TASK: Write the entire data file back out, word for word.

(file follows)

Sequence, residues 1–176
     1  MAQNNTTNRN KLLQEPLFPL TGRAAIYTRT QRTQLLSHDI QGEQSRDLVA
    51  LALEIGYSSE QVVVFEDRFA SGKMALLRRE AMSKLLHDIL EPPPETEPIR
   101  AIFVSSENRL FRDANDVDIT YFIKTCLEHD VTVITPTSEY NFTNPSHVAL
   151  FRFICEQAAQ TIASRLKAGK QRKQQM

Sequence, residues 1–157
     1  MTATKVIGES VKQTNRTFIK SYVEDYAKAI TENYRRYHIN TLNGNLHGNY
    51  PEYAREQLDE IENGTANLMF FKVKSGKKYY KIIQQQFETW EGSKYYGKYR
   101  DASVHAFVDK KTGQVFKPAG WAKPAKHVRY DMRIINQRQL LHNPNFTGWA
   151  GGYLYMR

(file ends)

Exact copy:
Sequence, residues 1–176
     1  MAQNNTTNRN KLLQEPLFPL TGRAAIYTRT QRTQLLSHDI QGEQSRDLVA
    51  LALEIGYSSE QVVVFEDRFA SGKMALLRRE AMSKLLHDIL EPPPETEPIR
   101  AIFVSSENRL FRDANDVDIT YFIKTCLEHD VTVITPTSEY NFTNPSHVAL
   151  FRFICEQAAQ TIASRLKAGK QRKQQM

Sequence, residues 1–157
     1  MTATKVIGES VKQTNRTFIK SYVEDYAKAI TENYRRYHIN TLNGNLHGNY
    51  PEYAREQLDE IENGTANLMF FKVKSGKKYY KIIQQQFETW EGSKYYGKYR
   101  DASVHAFVDK KTGQVFKPAG WAKPAKHVRY DMRIINQRQL LHNPNFTGWA
   151  GGYLYMR